A referendum proposed by President Hassan Rohani to heal Iran's divisions has been attacked by his hard-line opponents but provided an opening for establishment critics to go a step further.
More than a dozen Iranian activists and intellectuals from inside the country and abroad quickly seized on the president's tentative calls this week for the plebiscite, to ask for a UN-backed referendum in Iran that would allow for a transition to a new form of government.
The past four decades, signatories said, in an apparent allusion to the leadership since Iran's religiously fueled revolution in 1979, demonstrated that the clerically-backed establishment cannot be reformed and systematic rights violations, corruption, and religious pretexts had become the "main obstacle to the progress and liberation of the Iranian people."
Their explicit criticism of Iran's postrevolutionary constitution and government are especially notable as they come just a month or so after deadly unrest erupted in dozens of Iranian cities before a crackdown and thousands of arrests mostly restored calm in the streets.
But Rohani's second and final term has seen a sharpening of publicly aired differences between the relatively moderate president and hard-liners who hold most of the cards under Supreme Leader Ayatollah Ali Khamenei, who has the final say on all political and religious matters in Iran.
In a speech marking 39th-anniversary celebrations of a revolution to rid the country of the Western-backed shah of Iran, Rohani on February 11 suggested that "if we disagree on some issues, we should refer to Article 59 of the constitution," which talks about a "popular vote through a referendum."
Article 59 states that "In extremely important economic, political, social, and cultural matters, the function of the legislature may be exercised through direct recourse to popular vote through a referendum."
It adds that "any request for such direct recourse to public opinion must be approved by two-thirds of the members of the Islamic Consultative Assembly."
Rohani added, "If [political] factions have differences of opinions on a couple of issues, bring the ballot box and whatever people say, act accordingly."
Public responses to the December-January protests underscored cracks in the establishment, with Khamenei emphasizing the alleged role of "foreign enemies" in the unrest and Rohani suggesting that there were grounds for public grievances that Iran's leadership should not ignore.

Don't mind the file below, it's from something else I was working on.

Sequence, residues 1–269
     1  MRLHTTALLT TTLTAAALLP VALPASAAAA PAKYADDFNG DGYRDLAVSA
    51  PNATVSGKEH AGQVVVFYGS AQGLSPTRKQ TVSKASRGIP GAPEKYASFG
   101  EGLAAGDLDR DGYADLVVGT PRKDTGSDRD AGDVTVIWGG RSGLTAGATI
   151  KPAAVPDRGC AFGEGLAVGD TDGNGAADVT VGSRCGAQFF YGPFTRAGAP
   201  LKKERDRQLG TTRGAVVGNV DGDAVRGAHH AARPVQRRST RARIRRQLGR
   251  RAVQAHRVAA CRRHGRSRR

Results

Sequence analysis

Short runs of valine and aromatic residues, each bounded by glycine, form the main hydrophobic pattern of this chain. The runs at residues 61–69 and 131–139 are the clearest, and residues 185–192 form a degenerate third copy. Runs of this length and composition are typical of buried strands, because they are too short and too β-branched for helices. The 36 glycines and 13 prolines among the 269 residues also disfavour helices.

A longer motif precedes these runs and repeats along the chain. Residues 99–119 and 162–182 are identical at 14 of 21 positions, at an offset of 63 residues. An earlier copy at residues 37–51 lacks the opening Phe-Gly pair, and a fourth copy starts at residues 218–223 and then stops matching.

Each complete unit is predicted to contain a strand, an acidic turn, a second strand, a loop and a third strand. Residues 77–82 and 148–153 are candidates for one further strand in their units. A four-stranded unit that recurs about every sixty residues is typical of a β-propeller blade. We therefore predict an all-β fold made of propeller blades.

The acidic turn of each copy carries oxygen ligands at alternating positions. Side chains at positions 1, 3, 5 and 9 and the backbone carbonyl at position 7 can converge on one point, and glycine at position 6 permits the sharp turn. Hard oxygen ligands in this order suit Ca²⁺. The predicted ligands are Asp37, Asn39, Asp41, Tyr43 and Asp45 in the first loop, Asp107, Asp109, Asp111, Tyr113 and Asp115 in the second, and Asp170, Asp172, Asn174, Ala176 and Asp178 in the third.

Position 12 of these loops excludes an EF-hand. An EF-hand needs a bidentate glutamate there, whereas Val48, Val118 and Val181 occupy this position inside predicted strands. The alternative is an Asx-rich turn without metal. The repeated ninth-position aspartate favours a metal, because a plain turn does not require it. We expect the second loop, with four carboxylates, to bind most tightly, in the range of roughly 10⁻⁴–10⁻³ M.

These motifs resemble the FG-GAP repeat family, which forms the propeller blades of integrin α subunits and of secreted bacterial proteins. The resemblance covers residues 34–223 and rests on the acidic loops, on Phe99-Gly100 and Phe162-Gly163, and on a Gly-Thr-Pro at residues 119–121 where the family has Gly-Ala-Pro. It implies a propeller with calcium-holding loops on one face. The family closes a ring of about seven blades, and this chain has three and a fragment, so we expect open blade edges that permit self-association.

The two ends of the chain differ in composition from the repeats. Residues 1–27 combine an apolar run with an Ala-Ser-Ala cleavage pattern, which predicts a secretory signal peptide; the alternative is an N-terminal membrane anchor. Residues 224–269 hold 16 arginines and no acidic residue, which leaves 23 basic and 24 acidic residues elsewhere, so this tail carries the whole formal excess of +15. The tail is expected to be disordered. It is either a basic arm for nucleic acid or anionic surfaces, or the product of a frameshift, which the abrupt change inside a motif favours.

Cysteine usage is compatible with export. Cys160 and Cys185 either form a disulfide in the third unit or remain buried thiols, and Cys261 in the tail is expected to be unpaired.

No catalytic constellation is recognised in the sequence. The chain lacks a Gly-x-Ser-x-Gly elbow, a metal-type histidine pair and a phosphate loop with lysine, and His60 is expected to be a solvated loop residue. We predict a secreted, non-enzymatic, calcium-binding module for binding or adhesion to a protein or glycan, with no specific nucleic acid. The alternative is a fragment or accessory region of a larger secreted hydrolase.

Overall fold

Since then, Rohani has continued to speak out and pressure appears to have mounted from hard-liners in control of key institutions, including through the reported detention of an environmental official within Rohani's government, Kaveh Madani, according to a reformist lawmaker.
Madani said last year he had returned to Iran "to create hope" and pave the way for the return of other expatriates. He appeared live on Instagram on February 12, saying he was at work and expressing hope that "the issue" of the "real friends of Iran's environment" will be resolved.
The fate of Madani, who is on leave from London's Imperial College, remains unclear.
A spokesman for Iran's powerful Guardians Council, Abbas Khadkhodayi, dismissed Rohani's call for a referendum, which he suggested lacked expertise.
He said the function of Article 59 "is known to all those who know the basic law." Khadkhodayi said it referred to the authority of the parliament, adding that "perhaps the president had mistaken it with another article."
Hossein Sharitmadari, editor of the ultra-hard-line daily Kayhan, described Rohani's proposal as an "insult" to those Iranians who took part in state celebrations of the anniversary of the revolution. "If Rohani had heard the voice of the large crowd in the [February 11] rallies, then proposing a referendum would be meaningless," Shariatmadari was quoted by Iranian media as saying on February 13.
'Secular, Democratic System'
One day after Rohani's speech, 15 prominent activists and intellectuals, including Nobel Peace Prize Laureate Shirin Ebadi, leading Iranian human rights lawyer Nasrin Sotoudeh, and dissident filmmaker Jafar Panahi, issued their own call for a referendum organized by the United Nations to clear the path for a new system of government in Iran.
Iran's current system, which they accused of systematic rights violations, corruption, and the selective use of religion, has become the "main obstacle to the progress and liberation of the Iranian people," they argued.
"A referendum that would take place under the Iranian Constitution is a consolidation of the status quo," Ebadi, who currently resides in the United States, told RFE/RL's Radio Farda. "We want a secular and democratic system; the structure of the [current] constitution does not allow such thing."
Eight of the appeal's 15 signatories live in Iran, where officials routinely jail and abuse perceived regime critics and conduct secretive trials in Revolutionary Courts with little public accountability.
The signatories include jailed human rights activist Narges Mohammadi and a number of former political prisoners, including human rights lawyer Mohammad Seifzadeh; political activist Heshmatollah Tabarzadi; Abolfazl Ghadiani, a member of the reformist Mujahedin of the Islamic Revolution party; and former Tehran University chancellor Mohammad Maleki.